May 20, 2020 Chair's Column

Reaching Out: The Legal Community’s Response to a Pandemic

By Stephanie A. Scharf

It is no doubt an understatement to say that these are trying times. Most of us are adjusting to COVID-19 with a mixture of anxiety and resilience. We worry about our own health and that of our loved ones, colleagues, and friends. We struggle to adapt to a lifestyle where a trip to the grocery store seems at once a dangerous gamble and an extravagant luxury. Lawyers have some of the highest rates of mental health concerns among U.S. occupations, but we’re also adept at pivoting when needed and adapting to changing circumstances.

When you read this column, you have probably been working from home for six weeks or more. Remote work and flexible schedules have received mixed reviews in the legal profession for some time, especially as they relate to the success of women, who bear the much greater brunt of responsibility for childcare, household activities, and aging parents. A lesson learned from recent events is that almost everyone in the profession now understands the efficacies and benefits of working remotely, as well as the types of support and resources it takes to do so successfully. Hopefully, a request to work from home will no longer throw a woman’s capabilities into doubt or make her colleagues question her connectedness to her team.

One technology that has jumped to the forefront is video conferencing. Anne Brafford, JD, MAPP, a former BigLaw partner who now specializes in lawyer well-being, recommends that lawyers begin video calls with colleagues and clients with an expression of gratitude or appreciation. That simple emotional connection can go a long way to mitigate the overall anxiety and strangeness of sheltering in place. Most of us are used to interacting in person on an everyday basis, from a walk down the hall to chat with a colleague to a quick lunch with a friend, or the more formal business meetings with clients and colleagues to make decisions about a case or a deal or a change in regulations. Acknowledging the value of emotional connections—that it’s not “just the facts, ma’am”—goes a long way to keep us engaged and positive about our work and helps us adapt to today’s new normal.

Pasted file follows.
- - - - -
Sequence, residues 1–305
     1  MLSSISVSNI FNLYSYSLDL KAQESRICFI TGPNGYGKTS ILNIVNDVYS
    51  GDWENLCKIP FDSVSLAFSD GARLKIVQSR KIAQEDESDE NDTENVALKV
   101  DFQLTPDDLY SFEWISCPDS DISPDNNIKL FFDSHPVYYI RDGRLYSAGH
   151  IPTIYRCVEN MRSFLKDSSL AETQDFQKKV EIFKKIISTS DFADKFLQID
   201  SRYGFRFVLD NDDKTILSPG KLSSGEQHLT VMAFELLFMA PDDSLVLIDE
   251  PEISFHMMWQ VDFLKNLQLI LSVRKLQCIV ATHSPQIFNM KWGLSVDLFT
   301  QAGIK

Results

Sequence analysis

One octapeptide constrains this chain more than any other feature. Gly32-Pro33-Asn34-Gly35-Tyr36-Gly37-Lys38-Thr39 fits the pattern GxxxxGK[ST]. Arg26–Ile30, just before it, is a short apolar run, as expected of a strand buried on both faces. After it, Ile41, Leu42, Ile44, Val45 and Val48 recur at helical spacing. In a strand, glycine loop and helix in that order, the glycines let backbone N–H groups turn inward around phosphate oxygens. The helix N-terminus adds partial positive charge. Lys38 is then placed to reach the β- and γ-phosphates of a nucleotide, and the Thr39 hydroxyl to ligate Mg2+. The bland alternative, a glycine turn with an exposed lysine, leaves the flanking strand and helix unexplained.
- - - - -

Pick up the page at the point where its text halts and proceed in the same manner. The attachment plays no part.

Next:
In my Perspectives column a few months ago, I wrote about the benefits of collaboration. Now more than ever, team members depend on each other to share information, expertise, and emotional support. In my boutique law firm, we have been holding twice-weekly video calls with all the lawyers, paralegals, and administrative staff just to “chat.” Last week, we had a “meet the dog” call, where we all introduced our four-legged family members to each other (cats were welcome as well). In other times, these calls might have seemed frivolous, but now more personal ways of knowing how folks are doing seem the right thing to do.

We don’t yet know exactly how the COVID-19 pandemic will play out. Many of us have lost family or friends to COVID-19. But this has also been a time that has drawn people together through different ways of getting to know each other and of finding the good that can come out of the awfully bad.

As I write this column in mid-April for publication in mid-May, I sincerely hope that by the time of publication, all of us will be on a healthy and safe path to the future.

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By Stephanie A. Scharf

Stephanie A. Scharf is a founding partner of Scharf Banks Marmor LLC in Chicago. She is chair of the ABA Commission on Women in the Profession and co-chairs the ABA President Initiative on Achieving Long-Term Careers for Women in Law.